From Middle English blosme, from Old English blōstm, blōstma, from Proto-Germanic *blōsmaz (compare West Frisian blossem, Dutch bloesem), enlargement of *blōstaz (compare German Blust), from Proto-Indo-European *bʰleh₃-s- (“bloom, flower”), from *bʰleh₃- (“to thrive, bloom”). Cognate with Latin flōs (“flower”), Flōra (“goddess of plants”), Albanian bleron (“to blossom, thrive”) More at blow.
- blasom (Jamaican English)
blossom (plural blossoms)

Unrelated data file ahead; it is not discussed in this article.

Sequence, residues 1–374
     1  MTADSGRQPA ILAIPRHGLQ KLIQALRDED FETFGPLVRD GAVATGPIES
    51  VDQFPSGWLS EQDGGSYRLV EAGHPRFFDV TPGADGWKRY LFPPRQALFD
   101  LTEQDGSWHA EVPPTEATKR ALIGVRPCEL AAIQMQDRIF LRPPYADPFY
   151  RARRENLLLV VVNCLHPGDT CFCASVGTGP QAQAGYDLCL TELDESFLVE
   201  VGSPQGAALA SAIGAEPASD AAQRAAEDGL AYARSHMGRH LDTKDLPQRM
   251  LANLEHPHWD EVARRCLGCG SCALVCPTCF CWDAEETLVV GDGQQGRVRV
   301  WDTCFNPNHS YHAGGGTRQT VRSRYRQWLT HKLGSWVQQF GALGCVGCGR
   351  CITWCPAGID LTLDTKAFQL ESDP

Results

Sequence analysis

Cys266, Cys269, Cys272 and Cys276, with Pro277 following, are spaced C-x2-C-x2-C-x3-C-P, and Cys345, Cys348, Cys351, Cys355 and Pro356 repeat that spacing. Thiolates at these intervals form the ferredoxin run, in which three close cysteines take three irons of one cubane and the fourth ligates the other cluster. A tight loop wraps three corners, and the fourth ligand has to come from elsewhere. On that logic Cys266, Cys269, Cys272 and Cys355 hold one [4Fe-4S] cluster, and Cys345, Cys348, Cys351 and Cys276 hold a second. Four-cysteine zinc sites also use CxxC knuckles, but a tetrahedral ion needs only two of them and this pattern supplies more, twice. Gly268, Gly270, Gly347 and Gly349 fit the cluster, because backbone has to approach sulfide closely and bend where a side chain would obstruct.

- A flower, especially indicative of fruit as seen on a fruit tree etc.; taken collectively as the mass of such flowers.
- The blossom has come early this year.
- The state or season of producing such flowers.
- The orchard is in blossom.
- (figuratively) A blooming period or stage of development; something lovely that gives rich promise.
- in the blossom of my youth
- The colour of a horse that has white hairs intermixed with sorrel and bay hairs.
- (intransitive) To have or open into blossoms; to bloom.
- (intransitive) To begin to thrive or flourish.
- (have or open into blossoms): bloom, come into bloom, come into blossom, flower
- (begin to thrive or flourish): bloom, flourish, grow, prosper, thrive